* Dodd-Frank Act seen opening up $640 trillion swaps market
* Swaps account for about a third of top brokers' revenues
* Exchanges targeting a big chunk of that business
By Luke Jeffs
LONDON, Jan 3 The world's top brokers face a
fight to hold onto hundreds of millions of dollars of revenue
this year when U.S. legislation throws open the vast swaps
trading market to stock exchanges.
Brokers like ICAP and BGC Partners make
around a third of their revenue from the $640 trillion industry
for trading swaps - financial instruments used by companies to
cover their exposure to changes in interest rates, foreign
exchange rates and credit ratings.
Exchanges like CME Group, NYSE Euronext and
the IntercontinentalExchange, meanwhile, dominate the
much smaller market for futures, which give similar protection,
but are more standardised and so tend not to offer exact cover.
However, new U.S. swap rules enshrined in the Dodd-Frank
Act, due to be finalised in the coming weeks and take effect in
the middle of this year, could drive business to the exchanges
and away from the brokers, and reshape the industry globally due
to the size of U.S. markets and the power of their regulators.
"It is going to be tough for the brokers. The exchanges are
huge with deep pockets and they are not the types of companies
you'd want invading your space," said Simmy Grewal, a senior
analyst at research house Aite Group.
Swaps trading involves brokers matching buyers and sellers
in murky over-the-counter (OTC) markets. It has historically
been less tightly regulated than futures trading on exchanges.
U.S. regulators want to drive swaps trading onto electronic
platforms, like those run by exchanges, to make it more
transparent and easier to regulate, and to protect the global
financial system from problems that arose after the collapse of
U.S. bank Lehman Brothers, one of the largest swaps traders.
These changes will effectively see brokers and exchanges
starting to compete directly for swaps business later in 2013,
with exchanges eager to grab a chunk of a huge market.
According to the Bank for International Settlements, the
swaps industry was worth $639 trillion at the end of June 2012,
compared with $25 trillion for futures trading.
The world's top five brokers - GFI, Tradition
and Tullett Prebon as well as ICAP and BGC -
made a combined $2.7 billion, or 35 percent, of their revenues
in their last full financial years from interest rate swaps, the
most common type.
The exchanges have hinted half the swaps market could be up
for grabs under Dodd-Frank, which, if true, could see hundreds
of millions of dollars in revenues moving to them from brokers.
The U.S. Commodity Futures Trading Commission (CFTC) wants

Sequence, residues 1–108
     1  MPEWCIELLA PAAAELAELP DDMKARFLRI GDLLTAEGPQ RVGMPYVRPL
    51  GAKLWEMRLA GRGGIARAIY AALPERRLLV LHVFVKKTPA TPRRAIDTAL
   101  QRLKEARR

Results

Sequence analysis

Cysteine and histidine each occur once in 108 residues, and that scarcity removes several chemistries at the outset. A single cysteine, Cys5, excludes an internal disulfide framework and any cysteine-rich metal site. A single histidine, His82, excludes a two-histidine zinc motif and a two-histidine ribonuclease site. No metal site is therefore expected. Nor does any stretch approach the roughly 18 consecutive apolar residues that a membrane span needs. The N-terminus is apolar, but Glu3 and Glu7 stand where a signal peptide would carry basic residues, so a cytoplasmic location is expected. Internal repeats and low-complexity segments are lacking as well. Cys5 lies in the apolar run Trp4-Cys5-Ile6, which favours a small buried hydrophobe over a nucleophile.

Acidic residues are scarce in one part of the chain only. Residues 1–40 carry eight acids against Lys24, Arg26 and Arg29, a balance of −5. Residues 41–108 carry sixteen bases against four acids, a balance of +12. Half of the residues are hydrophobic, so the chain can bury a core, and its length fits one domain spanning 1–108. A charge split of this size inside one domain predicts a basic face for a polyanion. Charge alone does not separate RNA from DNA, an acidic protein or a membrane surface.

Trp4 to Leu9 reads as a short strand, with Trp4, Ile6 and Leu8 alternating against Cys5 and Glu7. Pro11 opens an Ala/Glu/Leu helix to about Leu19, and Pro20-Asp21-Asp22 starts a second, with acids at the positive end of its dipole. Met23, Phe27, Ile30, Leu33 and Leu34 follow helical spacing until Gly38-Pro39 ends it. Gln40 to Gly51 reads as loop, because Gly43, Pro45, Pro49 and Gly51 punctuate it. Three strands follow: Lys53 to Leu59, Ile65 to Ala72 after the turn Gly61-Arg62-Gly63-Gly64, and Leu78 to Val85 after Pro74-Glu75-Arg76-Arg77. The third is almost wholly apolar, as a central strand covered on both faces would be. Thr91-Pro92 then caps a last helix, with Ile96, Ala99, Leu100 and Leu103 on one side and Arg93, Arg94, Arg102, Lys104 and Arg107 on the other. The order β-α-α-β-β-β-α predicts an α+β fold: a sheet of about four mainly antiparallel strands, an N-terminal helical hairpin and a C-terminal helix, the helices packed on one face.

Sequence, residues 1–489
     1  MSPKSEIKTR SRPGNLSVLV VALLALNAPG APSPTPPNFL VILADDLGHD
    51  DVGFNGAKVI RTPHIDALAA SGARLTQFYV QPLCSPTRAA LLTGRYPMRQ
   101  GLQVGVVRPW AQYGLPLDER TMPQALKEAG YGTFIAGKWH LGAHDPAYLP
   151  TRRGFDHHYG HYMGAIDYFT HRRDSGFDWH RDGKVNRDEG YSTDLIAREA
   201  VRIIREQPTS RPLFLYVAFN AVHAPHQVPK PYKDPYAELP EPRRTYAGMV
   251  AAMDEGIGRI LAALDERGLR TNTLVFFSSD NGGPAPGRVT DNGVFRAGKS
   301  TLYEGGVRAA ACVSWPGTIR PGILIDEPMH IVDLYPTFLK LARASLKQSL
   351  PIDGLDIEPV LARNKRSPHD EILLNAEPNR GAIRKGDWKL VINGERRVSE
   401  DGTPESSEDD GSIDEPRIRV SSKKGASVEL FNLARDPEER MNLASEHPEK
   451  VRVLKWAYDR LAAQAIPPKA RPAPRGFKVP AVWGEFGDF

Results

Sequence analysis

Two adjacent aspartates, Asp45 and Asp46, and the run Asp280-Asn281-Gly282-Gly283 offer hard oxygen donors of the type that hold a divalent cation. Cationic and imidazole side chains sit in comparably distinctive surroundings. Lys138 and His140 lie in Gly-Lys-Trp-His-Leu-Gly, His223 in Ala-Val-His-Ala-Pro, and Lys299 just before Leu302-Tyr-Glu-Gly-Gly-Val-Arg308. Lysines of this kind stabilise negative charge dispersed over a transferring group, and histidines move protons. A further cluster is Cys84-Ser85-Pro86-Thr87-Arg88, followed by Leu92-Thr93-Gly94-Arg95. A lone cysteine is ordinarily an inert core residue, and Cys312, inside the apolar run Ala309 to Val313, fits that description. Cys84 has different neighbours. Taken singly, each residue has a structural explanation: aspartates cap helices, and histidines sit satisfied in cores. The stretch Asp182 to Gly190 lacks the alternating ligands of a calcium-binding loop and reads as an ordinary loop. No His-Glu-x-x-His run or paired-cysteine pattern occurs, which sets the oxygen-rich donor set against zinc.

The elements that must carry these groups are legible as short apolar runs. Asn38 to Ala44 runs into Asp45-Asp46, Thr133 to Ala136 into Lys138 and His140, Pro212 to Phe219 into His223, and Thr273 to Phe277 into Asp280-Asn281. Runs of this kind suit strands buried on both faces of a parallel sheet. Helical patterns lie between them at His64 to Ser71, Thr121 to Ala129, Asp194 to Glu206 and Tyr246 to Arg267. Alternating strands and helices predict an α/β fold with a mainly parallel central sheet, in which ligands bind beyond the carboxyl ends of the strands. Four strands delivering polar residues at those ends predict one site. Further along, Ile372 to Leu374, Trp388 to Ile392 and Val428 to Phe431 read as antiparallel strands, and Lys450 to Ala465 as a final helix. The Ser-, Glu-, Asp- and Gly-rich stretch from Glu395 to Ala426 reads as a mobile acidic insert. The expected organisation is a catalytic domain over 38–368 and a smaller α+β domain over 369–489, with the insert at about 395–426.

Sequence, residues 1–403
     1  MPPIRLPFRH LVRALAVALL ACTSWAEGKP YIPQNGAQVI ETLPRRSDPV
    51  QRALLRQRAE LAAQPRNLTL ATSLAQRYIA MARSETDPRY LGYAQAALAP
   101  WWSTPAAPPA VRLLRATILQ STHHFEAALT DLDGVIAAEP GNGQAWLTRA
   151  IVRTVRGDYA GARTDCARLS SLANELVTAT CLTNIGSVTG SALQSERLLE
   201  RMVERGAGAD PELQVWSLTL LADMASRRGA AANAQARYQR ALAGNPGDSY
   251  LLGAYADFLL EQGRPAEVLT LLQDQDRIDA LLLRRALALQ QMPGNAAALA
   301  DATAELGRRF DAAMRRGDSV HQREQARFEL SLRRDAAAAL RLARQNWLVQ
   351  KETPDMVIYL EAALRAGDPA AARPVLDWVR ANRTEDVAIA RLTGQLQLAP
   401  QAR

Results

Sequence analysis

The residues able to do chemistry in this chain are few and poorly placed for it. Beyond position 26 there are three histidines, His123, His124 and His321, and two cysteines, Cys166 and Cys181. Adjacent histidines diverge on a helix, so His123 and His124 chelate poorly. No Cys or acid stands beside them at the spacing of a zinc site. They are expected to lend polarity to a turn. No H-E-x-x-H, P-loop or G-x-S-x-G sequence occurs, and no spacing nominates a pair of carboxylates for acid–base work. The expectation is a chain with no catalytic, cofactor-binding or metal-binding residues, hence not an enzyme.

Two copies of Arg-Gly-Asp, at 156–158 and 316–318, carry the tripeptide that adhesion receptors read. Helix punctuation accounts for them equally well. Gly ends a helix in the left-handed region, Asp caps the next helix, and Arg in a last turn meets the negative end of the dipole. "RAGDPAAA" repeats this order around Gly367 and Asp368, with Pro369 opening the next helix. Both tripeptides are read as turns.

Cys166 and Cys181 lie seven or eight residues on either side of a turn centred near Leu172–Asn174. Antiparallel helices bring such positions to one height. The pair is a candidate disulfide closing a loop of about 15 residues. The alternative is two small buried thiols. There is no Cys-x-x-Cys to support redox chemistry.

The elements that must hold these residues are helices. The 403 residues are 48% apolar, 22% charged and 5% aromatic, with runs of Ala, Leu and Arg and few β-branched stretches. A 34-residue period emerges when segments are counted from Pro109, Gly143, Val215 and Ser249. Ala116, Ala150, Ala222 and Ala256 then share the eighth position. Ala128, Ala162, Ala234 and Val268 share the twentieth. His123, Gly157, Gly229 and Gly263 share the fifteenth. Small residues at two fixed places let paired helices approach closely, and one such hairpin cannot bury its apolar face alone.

two new categories of regulated markets called Swap Execution
Facilities (SEFs) and Designated Contract Markets (DCMs).
Brokers are likely to trade swaps through SEFs, while the
exchanges are set to offer swap-like futures as DCMs.
Analysts are reluctant to estimate the extent of likely
broker losses at this stage but early research suggests the
reforms will have a significant impact.
Three-quarters of respondents to a Berenberg Bank survey in
July predicted the reforms would cut OTC trading levels by up to
30 percent while one in eight saw regulation reducing swaps
trading by between 31 percent and 50 percent.
In a note published in November, Morgan Stanley analysts
flagged potential risks to the world's largest swap broker,
ICAP, which in its last financial year made 681 million pounds
($1.1 billion), or about two fifths of its revenue, from
interest rate swaps.
"The greater certainty in the futures model ... will favour
futures over swaps, leading to cannibalisation of the swaps
market," they predicted.
$8 BILLION QUESTION
The exchanges received a boost in October when the CFTC said
any company trading more than $8 billion of swaps in a year must
register with it as a "swap dealer", a designation which
increases capital and collateral requirements.
That could encourage some swaps traders to switch to futures
to avoid the hassle of registering with the CFTC.
Top banks, which trade billions of dollars of swaps each
day, will smash the $8 billion limit and some 65 of the top
swaps traders, like Goldman Sachs, Morgan Stanley
and JP Morgan Chase registered as dealers on Wednesday.
However the CME, the world's largest futures exchange, said
it saw a definite shift to futures contracts over swaps in the
weeks following the CFTC announcement.
Exchanges are also doing everything they can to encourage
the shift. ICE, the leading energy futures market, in October
transformed its energy swaps to futures, allowing clients to
continue hedging their energy exposure without adding to their
Since the CFTC's October announcement, shares in ICAP have
fallen 7.5 percent, while Tullett's have shed 13 percent.
But the brokers are fighting back. ICAP, Tradition and
Tullett have all launched swap broking platforms in a bid to
ICAP's i-Swap and Tradition's Trad-X reported strong demand
late last year as clients switched to the new regulated swap
systems. Analysts say these efforts should help to stem the flow
of business to exchanges, though brokers concede they face a
"In terms of regulation, some parts are better crafted than
others, but we are where we are and we have to make sure ICAP is
well positioned," ICAP boss Michael Spencer said in November.